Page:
Stone Stories

Oldest stone map from the Bronze Age rediscovered after more than 100 years in the cellar of a French museum

The relief with circles and lines comes from the Finistère region in the far west of Brittany and could depict the territory of a ruler

For the time after Covid-19: the Mausoleum of Augustus in Rome is open to visitors again

The huge circular building with a diameter of 90 meters was once covered with marble and travertine, of which, however, nothing has been preserved

On our list for the time after Covid-19: Bernini’s Fountain of Four Rivers in Rome

This work of art in Piazza Navona symbolizes the known world of the time and is great cinema in many ways

Sturgeon stones weighing tons create habitats for animals and plants in the riverbed of the Wupper in Germany

Elephant Tuffi, beaver Bonny and salmon Lucky made by sculptors are intended to slow down the flow of the watercourse and be points of attraction for people

The Bauhüttenwesen, which is the ancient craftspeople’s tradition of cooperation and know-how sharing in construction projects, is added to the Unesco List of Intangible Cultural Heritage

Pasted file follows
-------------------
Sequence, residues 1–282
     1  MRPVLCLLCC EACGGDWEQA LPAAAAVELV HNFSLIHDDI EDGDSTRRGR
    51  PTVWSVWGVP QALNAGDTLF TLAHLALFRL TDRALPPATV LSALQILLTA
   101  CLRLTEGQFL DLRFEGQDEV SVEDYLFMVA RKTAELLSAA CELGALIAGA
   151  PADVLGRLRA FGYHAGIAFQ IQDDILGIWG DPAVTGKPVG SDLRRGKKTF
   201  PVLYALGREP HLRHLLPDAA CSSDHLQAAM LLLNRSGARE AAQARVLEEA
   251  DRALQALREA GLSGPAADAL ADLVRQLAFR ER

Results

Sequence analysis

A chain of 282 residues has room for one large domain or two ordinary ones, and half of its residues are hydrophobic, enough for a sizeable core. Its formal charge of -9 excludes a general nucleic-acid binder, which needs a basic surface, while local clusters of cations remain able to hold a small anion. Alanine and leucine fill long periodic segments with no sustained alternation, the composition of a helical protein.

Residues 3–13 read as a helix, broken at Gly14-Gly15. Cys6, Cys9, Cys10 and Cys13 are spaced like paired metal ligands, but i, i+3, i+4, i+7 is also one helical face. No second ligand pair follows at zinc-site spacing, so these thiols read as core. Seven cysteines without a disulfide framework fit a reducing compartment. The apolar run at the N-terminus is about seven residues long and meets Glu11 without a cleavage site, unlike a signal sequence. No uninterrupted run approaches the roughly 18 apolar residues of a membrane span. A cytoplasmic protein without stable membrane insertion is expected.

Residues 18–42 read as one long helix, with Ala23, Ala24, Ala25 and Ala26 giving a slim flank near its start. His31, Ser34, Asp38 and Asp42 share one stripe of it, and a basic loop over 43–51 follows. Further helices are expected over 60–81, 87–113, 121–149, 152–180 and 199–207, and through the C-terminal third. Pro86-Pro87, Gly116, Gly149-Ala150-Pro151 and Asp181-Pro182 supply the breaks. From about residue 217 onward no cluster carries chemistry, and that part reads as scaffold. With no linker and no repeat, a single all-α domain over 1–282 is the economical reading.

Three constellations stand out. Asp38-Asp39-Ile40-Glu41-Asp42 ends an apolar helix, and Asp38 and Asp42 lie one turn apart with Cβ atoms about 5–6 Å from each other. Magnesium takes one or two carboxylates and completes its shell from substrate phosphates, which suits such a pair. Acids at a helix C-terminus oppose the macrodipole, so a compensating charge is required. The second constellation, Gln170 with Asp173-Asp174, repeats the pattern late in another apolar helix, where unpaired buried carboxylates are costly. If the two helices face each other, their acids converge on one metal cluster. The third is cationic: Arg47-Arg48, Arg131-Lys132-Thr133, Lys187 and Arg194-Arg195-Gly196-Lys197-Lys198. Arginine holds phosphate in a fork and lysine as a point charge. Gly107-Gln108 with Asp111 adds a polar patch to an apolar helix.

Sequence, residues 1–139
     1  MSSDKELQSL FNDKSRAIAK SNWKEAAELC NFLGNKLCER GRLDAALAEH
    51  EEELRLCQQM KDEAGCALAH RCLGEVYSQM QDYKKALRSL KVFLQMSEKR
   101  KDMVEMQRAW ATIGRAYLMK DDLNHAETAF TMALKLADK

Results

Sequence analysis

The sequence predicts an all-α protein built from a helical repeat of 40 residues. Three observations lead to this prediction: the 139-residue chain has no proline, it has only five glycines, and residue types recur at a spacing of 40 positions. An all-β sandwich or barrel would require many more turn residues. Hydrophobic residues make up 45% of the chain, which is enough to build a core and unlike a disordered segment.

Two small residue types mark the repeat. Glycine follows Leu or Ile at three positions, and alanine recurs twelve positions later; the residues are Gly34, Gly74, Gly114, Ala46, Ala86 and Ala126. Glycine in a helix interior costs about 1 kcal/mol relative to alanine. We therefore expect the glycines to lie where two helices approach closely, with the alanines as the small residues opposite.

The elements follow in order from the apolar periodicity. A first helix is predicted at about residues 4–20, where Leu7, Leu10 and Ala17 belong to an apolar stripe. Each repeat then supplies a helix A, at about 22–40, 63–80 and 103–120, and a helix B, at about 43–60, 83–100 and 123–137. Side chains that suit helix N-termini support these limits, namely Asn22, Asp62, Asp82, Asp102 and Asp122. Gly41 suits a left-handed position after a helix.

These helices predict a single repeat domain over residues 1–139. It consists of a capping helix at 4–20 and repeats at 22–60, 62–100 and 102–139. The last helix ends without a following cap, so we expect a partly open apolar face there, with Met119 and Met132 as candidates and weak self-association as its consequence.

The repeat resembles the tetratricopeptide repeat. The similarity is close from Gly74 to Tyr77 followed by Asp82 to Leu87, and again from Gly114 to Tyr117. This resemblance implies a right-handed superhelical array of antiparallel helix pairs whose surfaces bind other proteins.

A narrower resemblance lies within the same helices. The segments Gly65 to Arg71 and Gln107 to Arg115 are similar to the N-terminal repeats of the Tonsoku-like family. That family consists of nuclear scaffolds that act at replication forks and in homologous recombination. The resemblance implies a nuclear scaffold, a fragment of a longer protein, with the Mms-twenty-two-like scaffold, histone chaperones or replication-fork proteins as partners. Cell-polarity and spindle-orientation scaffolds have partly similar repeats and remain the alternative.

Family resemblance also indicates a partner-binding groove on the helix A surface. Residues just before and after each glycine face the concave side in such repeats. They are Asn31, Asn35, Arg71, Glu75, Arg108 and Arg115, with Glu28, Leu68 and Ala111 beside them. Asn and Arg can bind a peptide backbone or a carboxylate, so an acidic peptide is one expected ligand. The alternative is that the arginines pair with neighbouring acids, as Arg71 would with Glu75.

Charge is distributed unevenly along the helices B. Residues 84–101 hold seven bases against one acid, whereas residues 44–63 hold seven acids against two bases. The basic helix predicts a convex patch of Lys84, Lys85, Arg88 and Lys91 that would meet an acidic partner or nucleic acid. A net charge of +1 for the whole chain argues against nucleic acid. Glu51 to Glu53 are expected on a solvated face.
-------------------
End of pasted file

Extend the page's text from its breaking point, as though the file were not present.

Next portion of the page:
Still today, e.g., stonemasons working on the maintenance of cathedrals built supra-regional networks to preserve, transmit and develop techniques and knowledge

Drystone walls are Arabia’s megalithic monuments

The recently discovered monumental structures still hold many secrets in their construction, function, and chronology

Forensic geology: tracking victims through mineralogical characteristics of makeup ingredients

With a spectroradiometer, remains like talc, montmorillonite, and kaolinite could be identified at a crime scene

Over 100,000 years ago, fertile loess from the Negev helped the early humans on their way from Africa to Eurasia with the “land of milk and honey” in the Levant

Dr. Rivka Amit from the Geological Survey of Israel found that dust deposition by desert winds played a critical role in forming thick or thin soils around the Eastern Mediterranean

The peaks of the so-called stone forests were formed by natural dissolution of the rocks in the water and related currents

Scientists from New York University simulated the chemical and mechanical processes

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